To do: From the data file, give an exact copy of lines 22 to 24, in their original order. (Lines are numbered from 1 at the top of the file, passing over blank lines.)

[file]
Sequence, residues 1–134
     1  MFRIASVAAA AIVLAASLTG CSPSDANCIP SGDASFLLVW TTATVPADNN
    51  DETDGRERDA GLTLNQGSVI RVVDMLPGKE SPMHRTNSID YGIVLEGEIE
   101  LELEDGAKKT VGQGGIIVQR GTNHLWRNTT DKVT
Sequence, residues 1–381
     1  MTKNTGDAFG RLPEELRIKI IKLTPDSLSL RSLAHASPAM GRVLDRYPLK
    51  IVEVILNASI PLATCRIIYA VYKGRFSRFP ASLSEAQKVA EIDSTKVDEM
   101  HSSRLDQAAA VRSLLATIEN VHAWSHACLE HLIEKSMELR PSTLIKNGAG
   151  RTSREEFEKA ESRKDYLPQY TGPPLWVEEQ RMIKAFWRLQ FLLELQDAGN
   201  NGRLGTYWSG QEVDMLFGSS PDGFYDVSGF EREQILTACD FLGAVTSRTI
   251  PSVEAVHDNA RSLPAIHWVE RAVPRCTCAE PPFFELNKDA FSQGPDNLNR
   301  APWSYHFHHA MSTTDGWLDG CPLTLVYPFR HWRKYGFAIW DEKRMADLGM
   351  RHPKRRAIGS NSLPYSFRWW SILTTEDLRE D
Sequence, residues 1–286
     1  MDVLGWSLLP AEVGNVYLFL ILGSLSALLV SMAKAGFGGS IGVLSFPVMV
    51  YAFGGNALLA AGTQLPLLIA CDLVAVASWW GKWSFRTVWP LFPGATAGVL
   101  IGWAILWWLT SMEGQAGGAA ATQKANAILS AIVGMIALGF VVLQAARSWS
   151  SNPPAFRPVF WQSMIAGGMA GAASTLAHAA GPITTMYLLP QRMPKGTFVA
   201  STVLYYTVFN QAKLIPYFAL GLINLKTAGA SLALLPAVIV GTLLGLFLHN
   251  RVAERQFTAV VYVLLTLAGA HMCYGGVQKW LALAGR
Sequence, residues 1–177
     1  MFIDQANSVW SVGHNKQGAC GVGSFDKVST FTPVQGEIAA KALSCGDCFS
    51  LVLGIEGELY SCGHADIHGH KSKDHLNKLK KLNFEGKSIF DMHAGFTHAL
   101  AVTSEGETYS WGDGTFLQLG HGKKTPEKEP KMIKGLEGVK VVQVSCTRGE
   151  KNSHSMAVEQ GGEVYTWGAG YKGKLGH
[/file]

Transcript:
     1  MFIDQANSVW SVGHNKQGAC GVGSFDKVST FTPVQGEIAA KALSCGDCFS
    51  LVLGIEGELY SCGHADIHGH KSKDHLNKLK KLNFEGKSIF DMHAGFTHAL
   101  AVTSEGETYS WGDGTFLQLG HGKKTPEKEP KMIKGLEGVK VVQVSCTRGE